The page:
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Mom’s tweet perfectly captures the dread of returning to ‘normal’ after the pandemic

Mom’s tweet perfectly captures the dread of returning to ‘normal’ after the pandemic

The COVID-19 pandemic has been going on for over a year, but lately there are signs that the U.S. may be on the road to recovery. New cases of this virus are declining, people are being vaccinated and there’s hope that life may feel closer to normal in the months to come. That’s a relief for everyone, but many are also feeling anxious about what post-pandemic life will look like. Mom and CEO Emily Ramshaw feels the same way, and she recently went viral for a series of honest and vulnerable tweets that capture the complex feelings so many parents and caregivers have.

“Suddenly, today, I panicked about life inching back toward ‘normal,’” Ramshaw writes. “I don’t want to travel endlessly for work. I don’t want my weekends to be over-committed with activities. I don’t want to miss bedtime with my kid. I don’t want to wear blazers — or, hell, even shoes.”

The pandemic certainly did not make life easier. Suddenly kids were home from school and day care, work for many people moved entirely online, and teachers and essential workers found themselves clocking long hours and often putting themselves at risk in order to do their jobs. It’s been a crisis in every sense of the word, and it’s forced many people to re-evaluate their values, schedules and commitments.

Ramshaw’s words have resonated with other parents, caregivers and workers who are struggling to figure out what a more balanced future looks like. One mom says her pre-pandemic schedule involved a 5 a.m. wake-up, three hours of commuting time and barely seeing her kids each day. “I don’t want to go back to ‘normal,’” she writes. “I want a happy medium.”

Others say the pandemic has been a wake-up call about the lack of work-life balance and support for many Americans, and they hope employers and leaders take note. “I think realizing that we were living far beyond our natural capacity for… everything… is a good thing,” another person adds. “And we can choose to do things differently. I imagine many employers will need to contend with these evolving needs of their workforce.”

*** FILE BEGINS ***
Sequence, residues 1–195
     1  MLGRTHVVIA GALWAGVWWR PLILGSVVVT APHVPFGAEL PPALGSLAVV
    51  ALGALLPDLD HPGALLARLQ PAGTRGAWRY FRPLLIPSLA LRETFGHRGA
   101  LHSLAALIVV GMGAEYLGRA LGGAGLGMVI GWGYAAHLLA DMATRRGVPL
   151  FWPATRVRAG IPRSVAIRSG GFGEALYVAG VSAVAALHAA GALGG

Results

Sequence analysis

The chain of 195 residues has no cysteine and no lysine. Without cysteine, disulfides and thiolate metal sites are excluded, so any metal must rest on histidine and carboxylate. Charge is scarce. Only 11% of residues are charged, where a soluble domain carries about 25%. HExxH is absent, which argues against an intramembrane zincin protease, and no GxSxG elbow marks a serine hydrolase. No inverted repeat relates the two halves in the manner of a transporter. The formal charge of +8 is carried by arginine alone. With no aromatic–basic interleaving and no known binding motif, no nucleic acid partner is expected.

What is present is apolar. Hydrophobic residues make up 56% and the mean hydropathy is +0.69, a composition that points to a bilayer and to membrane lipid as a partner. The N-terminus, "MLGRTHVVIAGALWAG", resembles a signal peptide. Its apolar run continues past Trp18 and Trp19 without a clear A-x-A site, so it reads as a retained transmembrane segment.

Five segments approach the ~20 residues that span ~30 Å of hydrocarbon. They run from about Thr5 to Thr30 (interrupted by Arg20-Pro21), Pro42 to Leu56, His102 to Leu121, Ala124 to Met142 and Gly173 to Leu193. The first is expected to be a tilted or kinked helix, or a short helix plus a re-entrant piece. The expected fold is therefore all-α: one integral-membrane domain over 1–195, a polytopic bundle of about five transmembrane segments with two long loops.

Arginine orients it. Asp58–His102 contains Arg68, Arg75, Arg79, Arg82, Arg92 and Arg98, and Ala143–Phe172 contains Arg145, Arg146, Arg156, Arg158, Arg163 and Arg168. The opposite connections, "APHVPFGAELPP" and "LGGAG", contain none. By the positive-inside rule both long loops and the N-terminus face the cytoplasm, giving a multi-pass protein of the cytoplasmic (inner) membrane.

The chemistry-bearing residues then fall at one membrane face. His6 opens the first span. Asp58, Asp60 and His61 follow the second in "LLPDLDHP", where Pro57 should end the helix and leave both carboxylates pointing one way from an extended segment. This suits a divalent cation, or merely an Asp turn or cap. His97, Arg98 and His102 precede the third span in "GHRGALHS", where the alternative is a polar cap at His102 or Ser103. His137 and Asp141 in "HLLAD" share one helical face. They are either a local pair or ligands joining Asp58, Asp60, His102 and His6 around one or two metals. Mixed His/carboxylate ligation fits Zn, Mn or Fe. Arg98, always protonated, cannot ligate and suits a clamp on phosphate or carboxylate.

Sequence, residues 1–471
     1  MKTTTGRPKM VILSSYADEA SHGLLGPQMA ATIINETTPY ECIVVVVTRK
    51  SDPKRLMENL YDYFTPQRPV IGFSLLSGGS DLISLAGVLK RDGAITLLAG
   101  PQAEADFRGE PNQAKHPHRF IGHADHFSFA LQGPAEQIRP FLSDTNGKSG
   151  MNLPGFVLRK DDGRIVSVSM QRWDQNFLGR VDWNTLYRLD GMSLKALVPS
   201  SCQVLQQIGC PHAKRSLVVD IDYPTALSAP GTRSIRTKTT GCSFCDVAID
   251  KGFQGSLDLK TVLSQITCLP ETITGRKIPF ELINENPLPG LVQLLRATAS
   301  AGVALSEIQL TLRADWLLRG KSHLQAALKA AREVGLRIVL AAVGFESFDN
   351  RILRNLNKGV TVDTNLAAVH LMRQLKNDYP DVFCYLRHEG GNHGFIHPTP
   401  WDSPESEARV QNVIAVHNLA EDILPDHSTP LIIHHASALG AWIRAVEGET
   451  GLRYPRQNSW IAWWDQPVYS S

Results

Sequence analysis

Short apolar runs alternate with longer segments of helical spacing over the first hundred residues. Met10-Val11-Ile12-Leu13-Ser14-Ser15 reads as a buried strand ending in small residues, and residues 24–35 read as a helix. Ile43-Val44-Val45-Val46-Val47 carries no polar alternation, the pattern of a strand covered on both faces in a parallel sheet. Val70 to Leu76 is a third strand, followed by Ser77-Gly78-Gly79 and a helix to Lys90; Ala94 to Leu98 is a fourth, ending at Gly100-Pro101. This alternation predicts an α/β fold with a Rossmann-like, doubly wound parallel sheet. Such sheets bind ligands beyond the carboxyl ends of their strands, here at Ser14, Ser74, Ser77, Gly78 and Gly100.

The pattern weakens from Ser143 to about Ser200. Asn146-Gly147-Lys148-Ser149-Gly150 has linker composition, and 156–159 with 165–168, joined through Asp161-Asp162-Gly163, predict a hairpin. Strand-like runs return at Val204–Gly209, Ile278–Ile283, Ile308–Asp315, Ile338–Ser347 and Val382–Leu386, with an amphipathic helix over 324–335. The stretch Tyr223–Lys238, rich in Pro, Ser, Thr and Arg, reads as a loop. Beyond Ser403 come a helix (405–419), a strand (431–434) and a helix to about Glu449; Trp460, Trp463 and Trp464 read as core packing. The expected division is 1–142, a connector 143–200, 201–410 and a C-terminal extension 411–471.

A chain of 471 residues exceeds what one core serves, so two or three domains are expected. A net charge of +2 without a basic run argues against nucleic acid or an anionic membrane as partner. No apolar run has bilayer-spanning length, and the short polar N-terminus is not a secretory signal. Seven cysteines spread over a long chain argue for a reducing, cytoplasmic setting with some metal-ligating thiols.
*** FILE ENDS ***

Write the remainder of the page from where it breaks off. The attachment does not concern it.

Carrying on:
Of course, not everyone has had the privilege of scaling back at work or getting to ride out the pandemic from the safety of their homes. Teachers, healthcare workers and other essential workers have all been pushed to the brink by the new demands of pandemic life. One person in the medical field writes, “As a healthcare worker, I long for the pre-pandemic days. I want an entire two days off, and I long for not just a weekend without crises days but for one whole weekend that I can have off. One entire weekend without an issue, one entire weekend where I can actually sleep.”

The pandemic has brought illness and loss, financial hardship, mental health struggles and so many new day-to-day challenges. It’s also exposed inequalities and systemic issues within American working culture. It’s clearer than ever that parents need access to affordable day care,  teachers and child care workers need fair compensation and many caregivers could benefit from continued flexibility to work remotely and create their own schedules when needed.

We are all ready for this exhausting, traumatic experience to be over, but Ramshaw hopes the many issues that have been exposed during the pandemic don’t get swept under the rug. “This year has been heartbreaking, depressing [and] paralyzing in almost every way,” Ramshaw writes. “I pray the lessons we take from it — about sickness and health, about equity and disparities, about how we live and how we work — are lasting.”